Outgoing government introduces youth employment programme

With youth unemployment rising, in September 2002 the Austrian government (just prior to leaving office) agreed with the social partners a range of measures aimed at improving employment opportunities for young people, and especially apprentices. The measures include incentives for companies to employ apprentices, and the extension of qualification programmes for young people.

Due to the current economic recession, Austria's unemployment rate has increased notably of late, in particular among people under the age of 25 years. At the same time, the number of apprenticeships offered by employers has fallen - by 17% to 3,252 in the year to August 2002. At present, there is a shortage of some 5,200 apprenticeships.

Alarmed by these figures, presented at the beginning of September 2002, the Austrian Trade Union Federation (Österreichischer Gewerkschaftsbund, ÖGB) called for government measures to correct this tendency. With the coalition government of the conservative People’s Party (Österreichische Volkspartei, ÖVP) and the populist Freedom Party (Freiheitliche Partei Österreichs, FPÖ) resigning in September 2002 because of internal conflicts, and new elections scheduled for autumn 2002, the outgoing Chancellor, Wolfgang Schüssel, took up the unemployment issue, recognising it as a possible key issue in the coming election campaign. The Chancellor invited the social partners to negotiate on a youth employment programme which was – after only a few days of hasty negotiations – approved by parliament on 17 September 2002, at its last sitting before its dissolution.

The main provisions of the youth employment plan passed by parliament are as follows:

  • employers providing apprenticeships will receive a payment of EUR 1,000 per apprentice employed for the next three years. The estimated EUR 120 million cost of this measure will be met from the surplus means of the Insolvency Payment Insurance Fund (Insolvenz-Ausfallgeldfonds);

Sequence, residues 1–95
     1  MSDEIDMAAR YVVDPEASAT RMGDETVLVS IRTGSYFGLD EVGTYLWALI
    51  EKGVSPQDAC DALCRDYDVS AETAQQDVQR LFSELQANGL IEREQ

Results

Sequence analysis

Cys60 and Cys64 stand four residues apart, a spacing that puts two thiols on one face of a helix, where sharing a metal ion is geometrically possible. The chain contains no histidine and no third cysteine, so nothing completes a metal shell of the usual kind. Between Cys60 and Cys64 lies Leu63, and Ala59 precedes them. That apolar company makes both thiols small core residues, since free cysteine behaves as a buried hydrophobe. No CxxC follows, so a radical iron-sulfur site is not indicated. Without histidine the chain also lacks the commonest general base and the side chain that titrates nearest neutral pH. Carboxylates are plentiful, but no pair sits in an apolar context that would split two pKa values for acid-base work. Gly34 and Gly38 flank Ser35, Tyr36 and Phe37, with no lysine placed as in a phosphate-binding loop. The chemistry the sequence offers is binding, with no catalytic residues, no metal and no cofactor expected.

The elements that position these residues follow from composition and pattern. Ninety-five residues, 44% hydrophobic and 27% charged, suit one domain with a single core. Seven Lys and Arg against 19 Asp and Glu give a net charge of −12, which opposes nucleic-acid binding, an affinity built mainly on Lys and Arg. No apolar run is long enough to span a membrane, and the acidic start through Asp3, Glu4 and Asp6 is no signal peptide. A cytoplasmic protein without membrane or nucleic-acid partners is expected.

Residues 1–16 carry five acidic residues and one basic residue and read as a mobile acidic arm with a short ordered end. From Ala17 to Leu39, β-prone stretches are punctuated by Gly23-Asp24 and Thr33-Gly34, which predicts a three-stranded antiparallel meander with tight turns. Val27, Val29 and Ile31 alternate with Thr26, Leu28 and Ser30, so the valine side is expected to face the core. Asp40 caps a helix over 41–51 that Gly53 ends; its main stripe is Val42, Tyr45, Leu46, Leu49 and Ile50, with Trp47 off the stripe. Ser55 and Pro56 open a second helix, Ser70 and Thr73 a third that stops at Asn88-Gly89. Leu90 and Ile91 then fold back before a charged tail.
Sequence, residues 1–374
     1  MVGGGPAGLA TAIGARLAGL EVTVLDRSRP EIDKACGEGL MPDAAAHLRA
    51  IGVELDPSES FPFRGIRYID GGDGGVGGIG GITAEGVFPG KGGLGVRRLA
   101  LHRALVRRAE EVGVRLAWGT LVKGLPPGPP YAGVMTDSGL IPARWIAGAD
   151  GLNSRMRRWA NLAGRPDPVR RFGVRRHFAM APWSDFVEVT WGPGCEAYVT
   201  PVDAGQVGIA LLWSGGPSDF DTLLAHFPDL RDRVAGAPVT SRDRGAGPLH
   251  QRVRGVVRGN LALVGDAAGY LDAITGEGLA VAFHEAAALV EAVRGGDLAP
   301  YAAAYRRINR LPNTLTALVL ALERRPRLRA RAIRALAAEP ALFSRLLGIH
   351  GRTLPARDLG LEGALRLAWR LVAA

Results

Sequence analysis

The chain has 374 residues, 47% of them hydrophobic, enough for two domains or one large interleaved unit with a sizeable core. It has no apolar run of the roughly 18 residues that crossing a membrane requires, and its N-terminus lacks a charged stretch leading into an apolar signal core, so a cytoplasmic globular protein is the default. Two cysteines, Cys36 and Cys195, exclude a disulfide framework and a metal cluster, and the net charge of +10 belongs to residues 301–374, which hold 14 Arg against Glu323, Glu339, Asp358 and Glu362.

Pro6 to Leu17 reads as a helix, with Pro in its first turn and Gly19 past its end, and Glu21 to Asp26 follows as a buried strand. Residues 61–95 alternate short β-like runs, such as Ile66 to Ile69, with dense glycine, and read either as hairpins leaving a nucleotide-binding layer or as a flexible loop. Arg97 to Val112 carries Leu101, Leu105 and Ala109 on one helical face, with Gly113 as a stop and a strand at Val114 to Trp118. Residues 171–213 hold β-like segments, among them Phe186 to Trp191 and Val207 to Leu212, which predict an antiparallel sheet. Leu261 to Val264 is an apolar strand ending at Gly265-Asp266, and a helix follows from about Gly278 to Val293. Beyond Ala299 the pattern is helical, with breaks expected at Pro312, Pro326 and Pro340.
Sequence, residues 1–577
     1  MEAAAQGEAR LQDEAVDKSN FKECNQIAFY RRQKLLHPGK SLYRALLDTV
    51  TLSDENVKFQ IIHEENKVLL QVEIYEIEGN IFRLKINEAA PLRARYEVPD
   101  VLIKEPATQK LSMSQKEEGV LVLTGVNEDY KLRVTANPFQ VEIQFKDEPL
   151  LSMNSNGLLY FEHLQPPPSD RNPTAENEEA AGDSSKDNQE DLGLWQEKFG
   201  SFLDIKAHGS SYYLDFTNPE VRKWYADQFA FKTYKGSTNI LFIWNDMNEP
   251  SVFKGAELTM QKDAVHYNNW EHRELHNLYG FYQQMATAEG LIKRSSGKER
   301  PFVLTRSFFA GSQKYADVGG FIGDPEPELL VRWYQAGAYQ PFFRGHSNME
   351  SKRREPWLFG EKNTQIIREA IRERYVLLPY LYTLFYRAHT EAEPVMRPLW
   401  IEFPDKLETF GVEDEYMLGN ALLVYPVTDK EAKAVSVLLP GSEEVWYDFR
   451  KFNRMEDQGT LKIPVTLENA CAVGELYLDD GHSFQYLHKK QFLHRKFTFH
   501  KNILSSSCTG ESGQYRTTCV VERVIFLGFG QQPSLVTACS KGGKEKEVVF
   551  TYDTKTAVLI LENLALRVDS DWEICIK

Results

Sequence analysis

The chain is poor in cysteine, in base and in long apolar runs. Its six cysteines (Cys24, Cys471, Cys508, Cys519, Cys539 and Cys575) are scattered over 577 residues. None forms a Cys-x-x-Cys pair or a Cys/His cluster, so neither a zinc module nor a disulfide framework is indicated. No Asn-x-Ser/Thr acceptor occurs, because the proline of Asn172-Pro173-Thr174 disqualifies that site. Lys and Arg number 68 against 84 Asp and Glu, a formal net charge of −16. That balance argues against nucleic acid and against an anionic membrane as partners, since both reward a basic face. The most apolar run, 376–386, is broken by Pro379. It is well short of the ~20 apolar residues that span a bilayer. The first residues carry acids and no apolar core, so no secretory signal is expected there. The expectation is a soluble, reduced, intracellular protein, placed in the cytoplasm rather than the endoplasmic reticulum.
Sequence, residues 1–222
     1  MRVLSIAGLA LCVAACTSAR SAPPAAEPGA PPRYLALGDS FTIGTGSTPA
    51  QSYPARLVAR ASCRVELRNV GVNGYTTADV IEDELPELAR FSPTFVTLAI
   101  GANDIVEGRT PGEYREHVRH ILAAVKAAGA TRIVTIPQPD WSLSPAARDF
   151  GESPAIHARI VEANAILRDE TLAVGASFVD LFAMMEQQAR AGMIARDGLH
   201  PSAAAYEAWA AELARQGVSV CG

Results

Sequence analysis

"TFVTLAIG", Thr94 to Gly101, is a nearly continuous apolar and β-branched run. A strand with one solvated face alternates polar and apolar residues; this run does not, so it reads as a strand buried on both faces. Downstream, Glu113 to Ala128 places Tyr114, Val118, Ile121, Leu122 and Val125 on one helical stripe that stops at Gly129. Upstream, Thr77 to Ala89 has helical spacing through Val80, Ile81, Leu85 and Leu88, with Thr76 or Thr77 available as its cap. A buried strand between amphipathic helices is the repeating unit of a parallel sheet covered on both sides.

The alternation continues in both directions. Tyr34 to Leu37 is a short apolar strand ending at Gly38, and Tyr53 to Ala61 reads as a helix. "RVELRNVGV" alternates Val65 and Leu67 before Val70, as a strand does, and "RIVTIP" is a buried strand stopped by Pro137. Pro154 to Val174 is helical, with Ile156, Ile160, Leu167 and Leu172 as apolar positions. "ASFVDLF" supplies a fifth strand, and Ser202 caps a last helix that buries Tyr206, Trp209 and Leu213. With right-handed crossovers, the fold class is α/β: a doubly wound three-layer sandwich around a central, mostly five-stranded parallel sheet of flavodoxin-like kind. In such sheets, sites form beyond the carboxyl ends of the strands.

• employers providing apprenticeships will not have to pay occupational injury insurance contributions in respect of the apprentices. In addition, employers’ unemployment insurance and health insurance contributions for apprentices will be dropped for the first two years of their apprenticeship; and
  • under the Law on Qualification Programmes for Young People (Jugendausbildungssicherungsgesetz), the government will extend the capacity of 'qualification courses' for young people from 2,000 to 3,000 places. These courses target young people who have failed to find an apprenticeship. In addition, older unemployed people up to the age of 24 who left education early will be entitled to join special qualification programmes. The expenditure for these measures will be covered by the reserves (EUR 116 million) of the public Employment Service (Arbeitsmarktservice, AMS).

Mr Schüssel stated that these provisions, including some additional measures to boost the economy, will cost some EUR 600 million over the next few years, but only half of this cost will directly burden the state budget. Although representatives of organised labour have agreed to the youth employment programme, they have harshly criticised the accompanying incentives for business introduced by the government, not regarded them as an effective means of improving the employment situation. Criticism has also been expressed by a number of experts, who argue that the measures taken are not tailored to the specific problems of youth unemployment. They argue that, instead of generally promoting any kind of apprenticeships and giving incentives to the employers offering them, it would have been more useful to focus on training for specific occupations, and on those qualifications which are scarce and most strongly demanded by business.

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